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Healthy Skepticism Library item: 4477

Warning: This library includes all items relevant to health product marketing that we are aware of regardless of quality. Often we do not agree with all or part of the contents.

 

Publication type: news

Saunders C.
New web site targets drug ads.
Australian Doctor Weekly 2003 Oct 10


Full text:

A GROUP of sceptical doctors aiming to wipe out misleading drug advertisements has launched a web site to bring the promotional activities of pharmaceutical companies to account.

Healthy Skepticism Inc, which will run the web site Adwatch, will send copies of advertisements they believe are misleading to the Australian Competition and Consumer Commission, the Therapeutic Goods Administration, Medicines Australia and other regulatory agencies to encourage them to take action.

The group, originally MaLAM, was founded in 1983 to improve health by reducing harm from misleading drug promotion, will scrutinise drug ads, then post its findings on the web site and call for feedback.

The group said the free site would also explain the “tricks” used in drugs ads and aimed to help doctors, pharmacists and the public defend themselves against misleading drug promotion.

Group founder Dr Peter Mansfield said ads targeting GPs would be the web site’s initial focus, followed by those aimed at specialists.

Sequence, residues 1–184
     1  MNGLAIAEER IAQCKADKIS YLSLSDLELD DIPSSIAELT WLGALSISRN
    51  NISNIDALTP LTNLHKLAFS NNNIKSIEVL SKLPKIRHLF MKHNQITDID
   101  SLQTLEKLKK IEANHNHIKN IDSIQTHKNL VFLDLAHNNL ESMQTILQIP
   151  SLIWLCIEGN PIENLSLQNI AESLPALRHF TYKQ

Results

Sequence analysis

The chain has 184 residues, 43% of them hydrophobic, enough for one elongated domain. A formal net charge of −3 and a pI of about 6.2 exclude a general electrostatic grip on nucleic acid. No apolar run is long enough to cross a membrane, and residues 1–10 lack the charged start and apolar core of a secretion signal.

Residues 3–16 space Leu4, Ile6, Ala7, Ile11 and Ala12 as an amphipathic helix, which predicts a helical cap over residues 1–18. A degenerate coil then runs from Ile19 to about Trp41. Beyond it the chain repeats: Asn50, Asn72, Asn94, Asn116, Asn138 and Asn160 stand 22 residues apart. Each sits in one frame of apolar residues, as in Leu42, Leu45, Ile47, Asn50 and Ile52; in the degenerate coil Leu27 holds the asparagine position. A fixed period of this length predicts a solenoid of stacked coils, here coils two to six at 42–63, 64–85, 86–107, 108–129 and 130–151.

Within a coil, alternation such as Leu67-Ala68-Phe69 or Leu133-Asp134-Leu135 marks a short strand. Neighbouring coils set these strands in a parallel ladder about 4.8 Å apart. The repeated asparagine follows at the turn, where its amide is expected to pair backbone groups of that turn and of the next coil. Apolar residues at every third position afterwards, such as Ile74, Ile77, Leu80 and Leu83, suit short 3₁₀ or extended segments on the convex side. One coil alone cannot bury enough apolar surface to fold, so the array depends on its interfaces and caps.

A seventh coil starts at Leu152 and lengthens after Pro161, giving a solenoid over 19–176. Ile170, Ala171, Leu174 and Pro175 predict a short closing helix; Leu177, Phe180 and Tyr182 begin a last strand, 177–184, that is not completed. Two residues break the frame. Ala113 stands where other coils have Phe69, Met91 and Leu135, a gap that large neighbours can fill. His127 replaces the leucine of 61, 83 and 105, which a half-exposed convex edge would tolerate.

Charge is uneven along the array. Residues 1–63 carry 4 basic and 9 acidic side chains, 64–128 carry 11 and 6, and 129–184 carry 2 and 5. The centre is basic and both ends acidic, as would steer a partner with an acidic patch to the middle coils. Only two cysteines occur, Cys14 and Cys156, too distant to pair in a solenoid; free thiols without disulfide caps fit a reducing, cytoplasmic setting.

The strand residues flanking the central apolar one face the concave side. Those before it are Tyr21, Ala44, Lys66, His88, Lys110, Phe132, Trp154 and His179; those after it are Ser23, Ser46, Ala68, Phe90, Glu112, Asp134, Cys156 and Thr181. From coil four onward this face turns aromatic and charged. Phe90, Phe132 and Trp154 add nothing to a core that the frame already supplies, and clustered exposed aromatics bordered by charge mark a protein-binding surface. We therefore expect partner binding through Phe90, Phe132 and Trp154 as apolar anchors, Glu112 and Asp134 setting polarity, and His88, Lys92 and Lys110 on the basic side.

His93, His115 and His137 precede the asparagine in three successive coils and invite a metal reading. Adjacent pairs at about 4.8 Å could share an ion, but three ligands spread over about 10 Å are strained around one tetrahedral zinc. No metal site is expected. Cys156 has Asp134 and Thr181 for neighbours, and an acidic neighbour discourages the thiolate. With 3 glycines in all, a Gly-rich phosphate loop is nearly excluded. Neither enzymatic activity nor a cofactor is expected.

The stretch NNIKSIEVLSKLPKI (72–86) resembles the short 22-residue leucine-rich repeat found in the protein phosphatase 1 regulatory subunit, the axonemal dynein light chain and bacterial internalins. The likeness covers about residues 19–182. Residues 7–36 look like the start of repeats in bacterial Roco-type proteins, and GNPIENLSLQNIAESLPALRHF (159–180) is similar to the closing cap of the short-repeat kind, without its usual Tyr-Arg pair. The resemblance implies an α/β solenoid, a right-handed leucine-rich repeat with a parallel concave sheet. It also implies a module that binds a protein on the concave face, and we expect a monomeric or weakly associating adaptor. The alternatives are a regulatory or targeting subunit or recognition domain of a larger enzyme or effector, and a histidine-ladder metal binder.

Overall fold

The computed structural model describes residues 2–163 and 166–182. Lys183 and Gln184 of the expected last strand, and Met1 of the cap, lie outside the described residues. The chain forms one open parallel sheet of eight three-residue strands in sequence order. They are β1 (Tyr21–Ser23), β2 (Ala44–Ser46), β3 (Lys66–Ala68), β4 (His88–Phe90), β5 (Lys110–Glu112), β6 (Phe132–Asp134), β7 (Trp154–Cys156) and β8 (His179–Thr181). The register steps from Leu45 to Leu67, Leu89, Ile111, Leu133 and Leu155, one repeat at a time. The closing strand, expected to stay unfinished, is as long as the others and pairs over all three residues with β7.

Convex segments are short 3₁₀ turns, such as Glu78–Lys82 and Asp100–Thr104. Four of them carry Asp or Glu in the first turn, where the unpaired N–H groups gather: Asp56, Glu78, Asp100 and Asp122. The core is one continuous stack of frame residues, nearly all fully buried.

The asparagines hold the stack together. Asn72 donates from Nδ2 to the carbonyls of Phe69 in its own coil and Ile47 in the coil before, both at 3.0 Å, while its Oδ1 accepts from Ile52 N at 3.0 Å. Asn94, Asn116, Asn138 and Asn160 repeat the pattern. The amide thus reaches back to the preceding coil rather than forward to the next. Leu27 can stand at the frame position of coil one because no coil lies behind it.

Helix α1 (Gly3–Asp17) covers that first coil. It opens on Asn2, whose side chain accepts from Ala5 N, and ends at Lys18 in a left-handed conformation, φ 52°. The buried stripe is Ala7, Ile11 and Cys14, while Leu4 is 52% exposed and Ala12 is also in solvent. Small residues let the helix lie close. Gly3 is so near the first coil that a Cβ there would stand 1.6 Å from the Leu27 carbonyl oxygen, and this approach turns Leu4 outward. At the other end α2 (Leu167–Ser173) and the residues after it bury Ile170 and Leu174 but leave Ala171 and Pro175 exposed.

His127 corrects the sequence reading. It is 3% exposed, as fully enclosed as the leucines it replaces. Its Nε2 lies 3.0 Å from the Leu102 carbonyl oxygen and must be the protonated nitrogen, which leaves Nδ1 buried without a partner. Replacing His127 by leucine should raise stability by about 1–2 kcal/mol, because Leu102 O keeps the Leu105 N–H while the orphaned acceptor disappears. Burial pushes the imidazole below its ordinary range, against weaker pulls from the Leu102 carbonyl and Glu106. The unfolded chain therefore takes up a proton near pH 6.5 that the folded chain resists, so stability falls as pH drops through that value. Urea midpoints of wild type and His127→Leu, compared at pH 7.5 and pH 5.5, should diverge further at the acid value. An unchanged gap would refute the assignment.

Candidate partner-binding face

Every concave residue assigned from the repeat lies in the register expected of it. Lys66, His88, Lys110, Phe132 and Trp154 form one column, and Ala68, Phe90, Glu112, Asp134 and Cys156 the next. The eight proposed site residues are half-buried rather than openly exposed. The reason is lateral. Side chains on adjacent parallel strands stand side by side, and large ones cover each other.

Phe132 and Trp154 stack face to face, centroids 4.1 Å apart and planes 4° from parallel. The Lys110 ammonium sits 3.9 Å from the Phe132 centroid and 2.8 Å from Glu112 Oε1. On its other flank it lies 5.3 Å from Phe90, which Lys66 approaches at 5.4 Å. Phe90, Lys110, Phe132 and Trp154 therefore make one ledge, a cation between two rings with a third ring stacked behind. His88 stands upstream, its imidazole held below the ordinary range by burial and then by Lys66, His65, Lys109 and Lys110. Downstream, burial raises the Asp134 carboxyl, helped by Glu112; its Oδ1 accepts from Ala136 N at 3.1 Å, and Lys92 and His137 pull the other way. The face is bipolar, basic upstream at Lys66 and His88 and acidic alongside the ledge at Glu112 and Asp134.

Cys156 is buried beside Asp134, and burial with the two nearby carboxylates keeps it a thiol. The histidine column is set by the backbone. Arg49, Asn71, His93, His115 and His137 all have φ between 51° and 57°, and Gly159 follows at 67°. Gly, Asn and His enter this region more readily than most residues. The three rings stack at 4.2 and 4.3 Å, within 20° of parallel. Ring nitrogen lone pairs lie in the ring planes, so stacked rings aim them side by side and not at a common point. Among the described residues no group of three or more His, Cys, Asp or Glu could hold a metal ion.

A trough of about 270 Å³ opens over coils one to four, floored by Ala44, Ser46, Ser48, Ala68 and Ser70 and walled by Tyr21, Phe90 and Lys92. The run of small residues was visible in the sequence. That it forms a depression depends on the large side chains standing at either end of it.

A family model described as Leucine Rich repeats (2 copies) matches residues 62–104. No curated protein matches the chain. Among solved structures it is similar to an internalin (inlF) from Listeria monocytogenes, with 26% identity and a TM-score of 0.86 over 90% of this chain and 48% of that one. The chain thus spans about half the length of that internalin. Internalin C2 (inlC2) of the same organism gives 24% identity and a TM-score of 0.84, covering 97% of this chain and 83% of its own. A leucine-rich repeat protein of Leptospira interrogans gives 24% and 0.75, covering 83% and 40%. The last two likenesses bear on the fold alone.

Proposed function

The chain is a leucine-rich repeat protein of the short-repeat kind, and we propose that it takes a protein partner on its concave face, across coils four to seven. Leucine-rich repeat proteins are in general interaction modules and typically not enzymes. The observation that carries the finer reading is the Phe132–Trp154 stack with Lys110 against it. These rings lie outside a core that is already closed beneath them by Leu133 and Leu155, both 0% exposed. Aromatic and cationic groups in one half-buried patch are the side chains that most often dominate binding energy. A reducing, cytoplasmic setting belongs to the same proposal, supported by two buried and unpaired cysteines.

“I’m a GP … and one of the problems is that we are being bombarded by information and a lot of it is from vested interests,” he said.

Dr Mansfield said drug companies spent $1 billion to $1.5 billion a year on drug promotion, most of which was for expensive new drugs, yet only 3% of new drugs represented significant pharmaceutical advances.

“Drug companies make more money if doctors prescribe expensive drugs, but lower-priced alternatives are often better,” he said.

Medicines Australia director of strategic relations Steve Haynes said it controlled the marketing of medicines by a stringent code of conduct, which complemented rules set out by the Therapeutic Goods Act and Regulations.

The committee overseeing the code was independent of the industry and Medicines Australia, he said.

“The provisions of the code include standards for appropriate advertising, the behaviour of medical representatives and relationships with health care professionals – particularly doctors,” he said.

Cathy Saunders

 

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There is no sin in being wrong. The sin is in our unwillingness to examine our own beliefs, and in believing that our authorities cannot be wrong. Far from creating cynics, such a story is likely to foster a healthy and creative skepticism, which is something quite different from cynicism.”
- Neil Postman in The End of Education